Compare any two graphics cards:
GeForce GT 430 vs GeForce GTS 250 1GB
IntroThe GeForce GT 430 uses a 40 nm design. nVidia has set the core speed at 700 MHz. The GDDR3 RAM is set to run at a frequency of 900 MHz on this particular model. It features 96 SPUs along with 16 TAUs and 4 Rasterization Operator Units.
Compare all of that to the GeForce GTS 250 1GB, which has core speeds of 738 MHz on the GPU, and 1100 MHz on the 1024 MB of GDDR3 RAM. It features 128 SPUs as well as 64 Texture Address Units and 16 ROPs.
(No game benchmarks for this combination yet.)
Power Usage and Theoretical Benchmarks
Power Consumption (Max TDP)
The GeForce GTS 250 1GB should theoretically perform quite a bit faster than the GeForce GT 430 overall. (explain)
Texel RateThe GeForce GTS 250 1GB should be a lot (about 322%) faster with regards to texture filtering than the GeForce GT 430. (explain)
Pixel RateThe GeForce GTS 250 1GB will be much (approximately 322%) more effective at anti-aliasing than the GeForce GT 430, and will be capable of handling higher resolutions better. (explain)
Please note that the above 'benchmarks' are all just theoretical - the results were calculated based on the card's specifications, and real-world performance may (and probably will) vary at least a bit.
Please note that the price comparisons are based on search keywords - sometimes it might show cards with very similar names that are not exactly the same as the one chosen in the comparison. We do try to filter out the wrong results as best we can, though.
Memory Bandwidth: Bandwidth is the max amount of data (measured in megabytes per second) that can be moved past the external memory interface in one second. The number is calculated by multiplying the interface width by its memory speed. If the card has DDR type memory, it must be multiplied by 2 again. If it uses DDR5, multiply by ANOTHER 2x. The higher the card's memory bandwidth, the faster the card will be in general. It especially helps with AA, HDR and higher screen resolutions.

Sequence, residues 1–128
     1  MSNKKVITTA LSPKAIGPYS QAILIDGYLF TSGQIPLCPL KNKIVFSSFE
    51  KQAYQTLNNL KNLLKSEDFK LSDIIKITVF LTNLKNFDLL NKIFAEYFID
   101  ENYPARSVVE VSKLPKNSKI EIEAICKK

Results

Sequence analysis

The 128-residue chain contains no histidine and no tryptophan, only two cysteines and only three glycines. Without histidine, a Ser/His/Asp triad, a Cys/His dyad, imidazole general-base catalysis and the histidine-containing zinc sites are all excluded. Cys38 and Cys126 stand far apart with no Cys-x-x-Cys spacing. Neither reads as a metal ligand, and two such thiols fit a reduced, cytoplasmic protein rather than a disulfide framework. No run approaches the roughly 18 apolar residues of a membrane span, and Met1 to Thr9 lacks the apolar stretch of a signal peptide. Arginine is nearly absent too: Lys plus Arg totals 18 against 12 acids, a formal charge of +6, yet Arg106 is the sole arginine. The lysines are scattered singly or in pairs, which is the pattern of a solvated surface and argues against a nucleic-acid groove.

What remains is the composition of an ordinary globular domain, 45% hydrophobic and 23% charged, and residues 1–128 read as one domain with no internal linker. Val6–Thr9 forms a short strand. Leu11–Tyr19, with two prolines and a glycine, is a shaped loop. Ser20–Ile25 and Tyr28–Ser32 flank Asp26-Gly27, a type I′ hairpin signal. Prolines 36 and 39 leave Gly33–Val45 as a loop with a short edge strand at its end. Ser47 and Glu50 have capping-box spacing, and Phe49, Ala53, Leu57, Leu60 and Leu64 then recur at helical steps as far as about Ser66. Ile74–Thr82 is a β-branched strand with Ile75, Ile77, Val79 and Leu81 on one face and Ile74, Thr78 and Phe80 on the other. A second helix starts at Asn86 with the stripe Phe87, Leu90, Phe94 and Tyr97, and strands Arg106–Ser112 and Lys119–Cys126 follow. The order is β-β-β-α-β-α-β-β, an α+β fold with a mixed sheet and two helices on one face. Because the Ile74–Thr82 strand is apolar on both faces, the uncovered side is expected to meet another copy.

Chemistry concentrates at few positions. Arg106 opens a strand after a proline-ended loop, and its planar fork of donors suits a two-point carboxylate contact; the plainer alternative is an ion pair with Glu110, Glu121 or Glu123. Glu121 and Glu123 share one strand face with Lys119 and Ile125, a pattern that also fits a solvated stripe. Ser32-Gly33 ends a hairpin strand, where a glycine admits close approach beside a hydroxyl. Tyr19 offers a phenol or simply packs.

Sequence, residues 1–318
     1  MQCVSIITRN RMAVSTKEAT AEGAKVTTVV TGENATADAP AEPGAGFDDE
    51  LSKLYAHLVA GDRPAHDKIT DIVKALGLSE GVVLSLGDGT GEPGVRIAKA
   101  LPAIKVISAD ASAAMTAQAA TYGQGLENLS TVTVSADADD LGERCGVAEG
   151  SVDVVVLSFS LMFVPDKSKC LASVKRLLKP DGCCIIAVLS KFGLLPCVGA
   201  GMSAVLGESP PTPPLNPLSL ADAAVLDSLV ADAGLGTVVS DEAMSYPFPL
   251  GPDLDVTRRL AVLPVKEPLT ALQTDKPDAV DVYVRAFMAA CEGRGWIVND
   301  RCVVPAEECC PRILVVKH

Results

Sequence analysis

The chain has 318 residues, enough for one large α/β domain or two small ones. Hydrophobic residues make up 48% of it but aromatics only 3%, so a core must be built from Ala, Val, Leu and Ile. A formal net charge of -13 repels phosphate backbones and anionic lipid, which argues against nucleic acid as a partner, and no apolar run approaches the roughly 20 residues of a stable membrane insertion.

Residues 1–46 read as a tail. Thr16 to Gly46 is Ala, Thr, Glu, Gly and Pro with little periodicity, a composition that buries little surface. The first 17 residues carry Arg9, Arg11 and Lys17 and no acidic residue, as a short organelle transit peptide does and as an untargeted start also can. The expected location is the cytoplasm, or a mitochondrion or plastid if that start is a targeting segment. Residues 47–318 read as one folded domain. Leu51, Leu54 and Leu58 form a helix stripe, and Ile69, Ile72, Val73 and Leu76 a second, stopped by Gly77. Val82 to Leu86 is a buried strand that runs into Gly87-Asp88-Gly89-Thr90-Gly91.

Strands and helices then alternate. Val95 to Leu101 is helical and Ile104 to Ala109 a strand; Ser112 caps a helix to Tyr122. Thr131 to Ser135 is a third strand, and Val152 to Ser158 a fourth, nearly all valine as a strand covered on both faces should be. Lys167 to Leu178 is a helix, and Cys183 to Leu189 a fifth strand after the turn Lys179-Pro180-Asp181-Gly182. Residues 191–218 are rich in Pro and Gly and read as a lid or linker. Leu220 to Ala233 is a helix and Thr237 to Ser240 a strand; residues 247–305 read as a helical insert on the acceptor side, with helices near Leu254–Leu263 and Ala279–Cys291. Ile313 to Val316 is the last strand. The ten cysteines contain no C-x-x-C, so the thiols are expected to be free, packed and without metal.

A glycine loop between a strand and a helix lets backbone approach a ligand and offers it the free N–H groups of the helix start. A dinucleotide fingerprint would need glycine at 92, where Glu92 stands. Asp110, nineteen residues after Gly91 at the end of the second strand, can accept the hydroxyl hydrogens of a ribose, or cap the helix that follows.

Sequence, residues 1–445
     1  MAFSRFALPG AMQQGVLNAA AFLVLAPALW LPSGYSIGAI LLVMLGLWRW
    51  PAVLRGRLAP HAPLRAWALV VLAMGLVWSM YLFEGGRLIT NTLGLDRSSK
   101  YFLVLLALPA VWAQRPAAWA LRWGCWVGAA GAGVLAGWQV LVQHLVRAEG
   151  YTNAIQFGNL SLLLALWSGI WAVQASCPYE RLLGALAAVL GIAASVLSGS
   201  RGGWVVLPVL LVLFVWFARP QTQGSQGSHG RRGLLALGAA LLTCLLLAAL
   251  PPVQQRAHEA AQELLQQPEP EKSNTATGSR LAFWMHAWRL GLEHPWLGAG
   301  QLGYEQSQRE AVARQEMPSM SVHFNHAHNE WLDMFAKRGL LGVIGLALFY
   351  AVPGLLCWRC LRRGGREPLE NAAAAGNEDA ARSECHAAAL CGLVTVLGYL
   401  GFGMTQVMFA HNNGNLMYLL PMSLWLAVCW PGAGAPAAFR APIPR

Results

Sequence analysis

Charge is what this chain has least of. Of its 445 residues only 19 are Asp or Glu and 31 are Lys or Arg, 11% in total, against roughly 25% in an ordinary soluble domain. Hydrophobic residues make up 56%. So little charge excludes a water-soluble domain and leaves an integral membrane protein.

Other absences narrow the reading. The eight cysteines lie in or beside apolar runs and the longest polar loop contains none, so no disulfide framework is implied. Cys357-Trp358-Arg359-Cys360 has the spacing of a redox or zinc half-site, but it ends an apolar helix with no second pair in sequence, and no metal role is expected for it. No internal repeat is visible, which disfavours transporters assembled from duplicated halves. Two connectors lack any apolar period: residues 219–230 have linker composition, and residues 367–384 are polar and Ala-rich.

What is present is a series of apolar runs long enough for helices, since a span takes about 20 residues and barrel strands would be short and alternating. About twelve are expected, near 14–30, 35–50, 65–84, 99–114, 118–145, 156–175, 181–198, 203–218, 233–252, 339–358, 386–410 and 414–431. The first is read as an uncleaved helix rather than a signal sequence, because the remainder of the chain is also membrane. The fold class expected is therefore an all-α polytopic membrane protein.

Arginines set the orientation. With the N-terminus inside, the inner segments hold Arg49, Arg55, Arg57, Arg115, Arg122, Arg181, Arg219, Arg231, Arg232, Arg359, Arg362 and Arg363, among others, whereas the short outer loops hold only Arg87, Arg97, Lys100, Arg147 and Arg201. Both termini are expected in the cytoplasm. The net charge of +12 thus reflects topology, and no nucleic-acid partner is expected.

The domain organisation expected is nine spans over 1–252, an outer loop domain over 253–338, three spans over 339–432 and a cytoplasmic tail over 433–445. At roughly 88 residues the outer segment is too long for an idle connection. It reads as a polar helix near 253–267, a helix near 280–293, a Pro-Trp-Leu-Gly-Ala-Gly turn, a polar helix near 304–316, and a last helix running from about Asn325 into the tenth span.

Texel Rate: Texel rate is the maximum texture map elements (texels) that are applied per second. This figure is worked out by multiplying the total number of texture units of the card by the core clock speed of the chip. The higher the texel rate, the better the video card will be at handling texture filtering (anisotropic filtering - AF). It is measured in millions of texels in one second.
Pixel Rate: Pixel rate is the most pixels the graphics card can possibly write to its local memory in one second - measured in millions of pixels per second. The number is worked out by multiplying the amount of colour ROPs by the the card's clock speed. ROPs (Raster Operations Pipelines - aka Render Output Units) are responsible for drawing the pixels (image) on the screen. The actual pixel output rate also depends on lots of other factors, especially the memory bandwidth - the lower the memory bandwidth is, the lower the ability to reach the max fill rate.